Tuesday August 10, 2021

How Panasonic Made GH5 Mark II More Dynamic


According to data on Photons to Photos, while the Panasonic GH5 Mark II uses the same sensor as the previous GH5, the company has somehow managed to squeeze even more dynamic range out of it and notably surpassing the original GH5.

As spotted by 43Rumors, from data derived from DXOMark’s Photographic Dynamic Range Chart, Photons to Photos shows that the GH5 II offers a notable bump in performance over the original GH5, which may be surprising considering that the sensor found in the camera is no different than the one in the original GH5.

Key Specifications Panasonic GH5 Mark II

  • UHD or DCI 4K 10-bit 4:2:0 capture at up to 60p with no crop
  • UHD or DCI 4K 10-bit 4:2:2 capture at up to 30p with no crop
  • Image stabilization rated at up to 6.5 stops
  • V-Log L included as standard
  • 3.0″ 1.84M-dot rear touchscreen
  • 3.68M-dot EVF, with 0.76x magnification and up to 120Hz refresh
  • Live streaming options via Wi-Fi or smartphone (Full HD)
  • Anamorphic capture and support tools
  • Improved AF with face/eye/body detection
  • USB-C socket with PD-compatible power and charging


Panasonic GH5 Mark II Improvements

In the first leaks of the GH5 II, fans were disappointed to find what appeared to be nearly nothing new in the specifications sheet. However, when the camera launched it was revealed that while the GH5 Mark II at first seemed to be a rehash of the original, it offered several new features.

First, the on-sensor image stabilization jumped from 5 stops to 6.5 stops, the autofocus algorithms were improved. The rear LCD resolution were improved, and multiple new recording options were added thanks to the latest image-processing Venus Engine.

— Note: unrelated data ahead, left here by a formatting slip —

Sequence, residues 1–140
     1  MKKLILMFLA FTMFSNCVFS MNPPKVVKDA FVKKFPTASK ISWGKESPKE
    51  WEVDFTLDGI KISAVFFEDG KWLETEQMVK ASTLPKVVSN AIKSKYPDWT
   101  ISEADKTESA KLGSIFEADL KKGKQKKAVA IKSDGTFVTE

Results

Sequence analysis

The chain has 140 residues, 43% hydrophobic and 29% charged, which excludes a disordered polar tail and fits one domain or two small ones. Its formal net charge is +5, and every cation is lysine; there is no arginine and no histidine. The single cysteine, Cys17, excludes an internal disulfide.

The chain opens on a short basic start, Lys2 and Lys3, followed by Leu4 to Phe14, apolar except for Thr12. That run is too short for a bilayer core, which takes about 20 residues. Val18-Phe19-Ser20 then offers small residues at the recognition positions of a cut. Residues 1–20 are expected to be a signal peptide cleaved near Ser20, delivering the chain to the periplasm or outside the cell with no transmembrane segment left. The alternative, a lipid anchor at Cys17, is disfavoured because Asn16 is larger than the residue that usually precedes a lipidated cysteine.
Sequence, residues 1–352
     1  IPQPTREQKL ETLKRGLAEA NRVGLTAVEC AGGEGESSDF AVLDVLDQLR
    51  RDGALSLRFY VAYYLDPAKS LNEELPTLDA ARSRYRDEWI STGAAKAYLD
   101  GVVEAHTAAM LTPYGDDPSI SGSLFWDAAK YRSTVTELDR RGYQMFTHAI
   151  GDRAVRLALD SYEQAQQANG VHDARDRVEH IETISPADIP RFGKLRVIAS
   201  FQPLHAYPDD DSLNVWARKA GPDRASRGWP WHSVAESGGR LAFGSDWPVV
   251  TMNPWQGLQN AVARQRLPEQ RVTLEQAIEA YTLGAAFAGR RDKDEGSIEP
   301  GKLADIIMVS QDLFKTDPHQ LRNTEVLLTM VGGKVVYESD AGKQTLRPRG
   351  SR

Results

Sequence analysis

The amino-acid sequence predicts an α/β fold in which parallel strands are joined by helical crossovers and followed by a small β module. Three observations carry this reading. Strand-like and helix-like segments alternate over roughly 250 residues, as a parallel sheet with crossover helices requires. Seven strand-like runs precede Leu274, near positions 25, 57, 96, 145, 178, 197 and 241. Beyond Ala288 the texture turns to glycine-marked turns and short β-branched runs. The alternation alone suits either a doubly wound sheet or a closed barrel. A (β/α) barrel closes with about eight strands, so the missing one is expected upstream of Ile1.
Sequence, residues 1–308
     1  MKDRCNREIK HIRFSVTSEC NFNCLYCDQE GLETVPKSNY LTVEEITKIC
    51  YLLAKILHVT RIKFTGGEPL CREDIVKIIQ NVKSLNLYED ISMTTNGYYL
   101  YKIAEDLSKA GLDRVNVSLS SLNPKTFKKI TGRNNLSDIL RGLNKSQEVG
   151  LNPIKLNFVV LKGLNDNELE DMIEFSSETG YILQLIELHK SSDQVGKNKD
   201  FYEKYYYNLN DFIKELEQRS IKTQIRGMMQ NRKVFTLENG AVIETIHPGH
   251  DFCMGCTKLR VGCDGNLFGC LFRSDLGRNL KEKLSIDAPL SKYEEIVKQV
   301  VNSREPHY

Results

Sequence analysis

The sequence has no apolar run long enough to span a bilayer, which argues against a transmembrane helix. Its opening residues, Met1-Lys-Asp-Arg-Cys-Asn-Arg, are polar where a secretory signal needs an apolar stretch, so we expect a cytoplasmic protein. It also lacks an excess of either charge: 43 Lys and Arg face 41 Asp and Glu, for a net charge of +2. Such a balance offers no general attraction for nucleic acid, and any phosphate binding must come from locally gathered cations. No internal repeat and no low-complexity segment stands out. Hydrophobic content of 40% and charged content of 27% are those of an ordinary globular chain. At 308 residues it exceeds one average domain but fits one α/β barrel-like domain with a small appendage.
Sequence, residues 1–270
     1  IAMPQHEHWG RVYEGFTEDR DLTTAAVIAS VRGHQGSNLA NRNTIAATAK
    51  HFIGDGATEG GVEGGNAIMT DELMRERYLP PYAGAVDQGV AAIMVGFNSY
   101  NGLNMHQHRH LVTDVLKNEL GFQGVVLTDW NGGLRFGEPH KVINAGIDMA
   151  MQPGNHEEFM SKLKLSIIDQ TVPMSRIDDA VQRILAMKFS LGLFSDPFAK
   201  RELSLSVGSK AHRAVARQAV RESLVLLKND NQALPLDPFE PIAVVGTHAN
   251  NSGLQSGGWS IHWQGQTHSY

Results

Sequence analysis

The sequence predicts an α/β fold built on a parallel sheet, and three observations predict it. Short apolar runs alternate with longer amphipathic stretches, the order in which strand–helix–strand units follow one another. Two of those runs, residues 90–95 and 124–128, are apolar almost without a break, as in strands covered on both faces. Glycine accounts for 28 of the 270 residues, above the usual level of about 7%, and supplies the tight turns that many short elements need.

There’s also a kit that comes with a 12-60mm f/2.8-4 image-stabilized lens for $2,300. Image: Panasonic

Panasonic GH5 Mark II Additional Improvements

The color profiles have also gotten a revamp in the Mark II, with the camera including Cinelike D2 and V2 profiles. It also includes the V-Log L profile for free, which was previously a $100 upgrade to the GH5. In addition to the improved color, the sensor (which is the same as the one found in the GH5) has also gotten an anti-reflective coating. This is done to avoid unwanted lens flares, and Panasonic claims it has 25 percent wider dynamic range.

The Mark II also has some creature comfort improvements and really nerdy additions. The rear LCD is both higher-resolution and brighter. The USB-C port is now compatible with the Power Delivery standard so it can run the camera and trickle-charge the batteries at the same time. It also takes higher-capacity batteries, though the older batteries the GH5 used will still work in the camera, and vice versa. There’s also now the option to add a red border around the screen when recording. It also has the ability to have two levels of zebra patterns to help determine exposure.


Panasonic says the screen is 1.5 times brighter. Image: Panasonic

Price of the Camera

While the details on the GH6 were light, we got a very good look at the GH5 Mark II. It’s, as the name implies, an improved version of the GH5. Panasonic’s idea for it seems to be that it’s built to serve people who aren’t looking to spend $2,500 on a GH6 but want something more capable than a G7 or older GH4. When the GH5 originally launched it was $2,000, so it seems like Panasonic is trying to split the difference with the Mark II and GH6, offering cameras on both sides.

Our Verdict

If you’re looking for a well-built, lightweight mirrorless camera with excellent handling, a fantastic range of video shooting options and solid stills performance, the GH5 Mark II his well worth a look. The GH5 was already a great choice, and the tweaks here just make it all the more appealing. If you own the original GH5, though, the GH5 Mark II seems slightly redundant. Aside from minor performance upgrades and the addition of live streaming, it’s largely unchanged. Unless you really need that live-streaming functionality, you’re better off waiting for the Panasonic GH6.

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